New Brewerytown resident Shelby Smith, shares her thoughts and some history about the famous Girard Avenue architectural icon – Girard College.
Brewerytown Literally Dead Ends into the History of Philadelphian Academia, Forcing the Neighborhood to Pay Attention to its Past.
Having once lived in Fishtown, I go back to visit my old roommates and my boyfriend on Fankford, meaning I take Girard- (meaning I take Girard, and S. College, and N. College, because Girard just disappears). When I first moved to Brewerytown, I was confused by the intersecting angular routes I was expected to take, when I knew that Girard should take me all the way down to where I needed to be. What was this strange interruption, this natural detour that everyone else seemed to understand with no skin off their teeth? Once the cardinal College streets meet back up with Girard, to the left drivers can see some seemingly out of place Greek Revival Architecture that looks more like it belongs in Fairmount Park, but is in fact breaching the intersection of Broad and Girard. Those who have been North Philly residents for longer than I have, know this to be Girard College.
It looks like it’s closed for business, like it’s no longer in operation; perhaps because of the style, perhaps because of the slight-of-hand/misdirection sense of seclusion and distance from the city. However, my inclination to think that Girard College is a mere landmark, rich with history and nothing else, is wholly false. Girard College is a boarding school in full operation for grades one through 12, the sentinel of its contribution to the community being its academic scholarship program that supports the entirety of every single students’ tuition, room and board.
The school has been met with a wide variety of criticism and praise since its inception in 1833, and official door opening in 1848. The city of Philadelphia, having been the recipient of the largest private philanthropic donation to date, was torn between the last will and testament of founder Stephen Girard, and the ever-changing sociopolitical climate, culminating in the American Civil Rights movement of the 1960s. Philadelphia was no stranger to pushing the boundaries of state vs. independent business, in many positive ways, including the Eastern State Penitentiary’s ethical philosophy on imprisonment, the Franklin Institute’s commitment to advanced and complex scientific research, and Penn Hospital’s humane treatment of mental illness at a time when lobotomies and electro-shock therapy were the only practice.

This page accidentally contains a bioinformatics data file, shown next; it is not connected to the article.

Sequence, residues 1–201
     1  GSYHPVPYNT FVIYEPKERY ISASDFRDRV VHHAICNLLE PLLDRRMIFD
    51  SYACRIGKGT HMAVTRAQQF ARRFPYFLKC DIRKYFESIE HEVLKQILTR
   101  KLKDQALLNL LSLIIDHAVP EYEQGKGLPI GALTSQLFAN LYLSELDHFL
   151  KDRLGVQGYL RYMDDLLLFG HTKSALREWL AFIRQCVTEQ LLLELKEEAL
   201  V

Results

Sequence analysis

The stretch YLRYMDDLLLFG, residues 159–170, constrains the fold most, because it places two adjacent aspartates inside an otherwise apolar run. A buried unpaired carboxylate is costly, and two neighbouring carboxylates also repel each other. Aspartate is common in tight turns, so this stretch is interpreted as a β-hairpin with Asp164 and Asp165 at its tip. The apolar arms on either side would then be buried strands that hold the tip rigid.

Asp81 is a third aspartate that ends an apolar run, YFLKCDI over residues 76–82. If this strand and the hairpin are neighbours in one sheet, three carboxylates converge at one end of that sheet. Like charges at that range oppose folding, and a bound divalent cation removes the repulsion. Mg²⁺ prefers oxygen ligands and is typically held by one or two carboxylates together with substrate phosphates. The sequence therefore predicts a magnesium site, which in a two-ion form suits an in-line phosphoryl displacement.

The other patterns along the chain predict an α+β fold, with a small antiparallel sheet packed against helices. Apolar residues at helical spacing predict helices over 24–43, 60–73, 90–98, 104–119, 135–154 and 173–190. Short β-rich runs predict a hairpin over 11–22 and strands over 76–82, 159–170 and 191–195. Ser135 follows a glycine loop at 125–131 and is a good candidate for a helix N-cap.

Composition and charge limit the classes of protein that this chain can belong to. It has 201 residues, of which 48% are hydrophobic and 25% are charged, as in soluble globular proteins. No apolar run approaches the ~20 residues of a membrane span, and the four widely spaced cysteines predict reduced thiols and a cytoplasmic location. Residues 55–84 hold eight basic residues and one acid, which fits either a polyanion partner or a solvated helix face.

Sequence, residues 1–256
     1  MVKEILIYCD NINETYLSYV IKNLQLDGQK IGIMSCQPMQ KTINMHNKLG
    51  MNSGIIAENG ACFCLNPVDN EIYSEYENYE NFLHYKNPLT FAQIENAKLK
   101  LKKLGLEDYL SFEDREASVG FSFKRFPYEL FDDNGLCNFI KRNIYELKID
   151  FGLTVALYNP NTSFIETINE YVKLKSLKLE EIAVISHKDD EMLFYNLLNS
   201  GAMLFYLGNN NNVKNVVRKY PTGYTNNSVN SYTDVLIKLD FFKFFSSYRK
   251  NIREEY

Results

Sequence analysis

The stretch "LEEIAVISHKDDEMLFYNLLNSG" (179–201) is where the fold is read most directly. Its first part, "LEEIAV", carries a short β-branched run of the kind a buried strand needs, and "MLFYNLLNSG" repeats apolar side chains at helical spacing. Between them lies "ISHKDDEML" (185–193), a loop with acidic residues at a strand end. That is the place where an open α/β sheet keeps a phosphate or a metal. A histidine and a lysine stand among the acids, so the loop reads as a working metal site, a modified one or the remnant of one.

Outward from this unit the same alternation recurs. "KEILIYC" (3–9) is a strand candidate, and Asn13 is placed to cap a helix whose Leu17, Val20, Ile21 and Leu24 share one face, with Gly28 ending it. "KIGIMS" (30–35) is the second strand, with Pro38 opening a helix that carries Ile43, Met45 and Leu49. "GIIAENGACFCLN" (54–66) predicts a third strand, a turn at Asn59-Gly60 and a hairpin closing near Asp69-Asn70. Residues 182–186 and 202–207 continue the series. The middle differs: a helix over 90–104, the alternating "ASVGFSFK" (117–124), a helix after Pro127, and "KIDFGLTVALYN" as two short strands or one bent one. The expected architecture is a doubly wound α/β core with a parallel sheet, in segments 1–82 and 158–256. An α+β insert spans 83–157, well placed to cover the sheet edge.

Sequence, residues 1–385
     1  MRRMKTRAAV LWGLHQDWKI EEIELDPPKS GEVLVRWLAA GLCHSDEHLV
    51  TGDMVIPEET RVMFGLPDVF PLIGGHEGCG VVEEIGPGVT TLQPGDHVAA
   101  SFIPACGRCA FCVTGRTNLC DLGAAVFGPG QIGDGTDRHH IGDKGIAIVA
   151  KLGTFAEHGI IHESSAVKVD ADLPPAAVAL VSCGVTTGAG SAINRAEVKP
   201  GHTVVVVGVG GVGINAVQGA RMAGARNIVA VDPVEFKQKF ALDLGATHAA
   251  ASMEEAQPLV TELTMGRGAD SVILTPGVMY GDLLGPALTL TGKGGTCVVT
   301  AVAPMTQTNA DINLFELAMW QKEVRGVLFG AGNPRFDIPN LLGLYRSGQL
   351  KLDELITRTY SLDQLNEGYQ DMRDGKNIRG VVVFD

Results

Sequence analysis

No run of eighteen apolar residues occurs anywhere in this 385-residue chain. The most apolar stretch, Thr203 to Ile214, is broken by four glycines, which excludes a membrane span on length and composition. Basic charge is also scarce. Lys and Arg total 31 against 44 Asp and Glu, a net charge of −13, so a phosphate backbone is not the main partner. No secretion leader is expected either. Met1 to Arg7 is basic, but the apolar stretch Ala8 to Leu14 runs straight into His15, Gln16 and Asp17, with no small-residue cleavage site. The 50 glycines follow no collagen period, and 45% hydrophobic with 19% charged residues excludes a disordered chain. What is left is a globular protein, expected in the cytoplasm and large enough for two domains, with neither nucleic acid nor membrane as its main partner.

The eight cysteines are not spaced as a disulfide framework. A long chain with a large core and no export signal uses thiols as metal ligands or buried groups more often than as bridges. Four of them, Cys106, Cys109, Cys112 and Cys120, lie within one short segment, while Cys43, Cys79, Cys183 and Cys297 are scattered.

Stephen Girard came to Philadelphia from Bordeaux in 1776, fresh off of a 12-year stint at sea where he served a nontraditional apprenticeship in mercantilism, acquiring unique business acumen that poised him to be the first independent banker, and subsequently wealthiest man in America by the time he died. His will very specifically outlined the explicit intentions for the sizable fortune he had built over his 55 years in the states. He wanted a boarding school to be built for the admission of white boys who were fatherless and poor. He wanted a national contest to determine which architect to commission for the planning of all academic and campus buildings. He wanted to steer away from Greek and Latin curricula in favor of French and Spanish and the practical real world application of those romance languages as opposed to the classical. First admitting boys between the ages of six and ten from Philadelphia, enrollment spread to Schuylkill and Luzerne counties, as many children were orphaned due to an increase in the mining trade and the inevitable accidents that unfortunately accompany such a profession.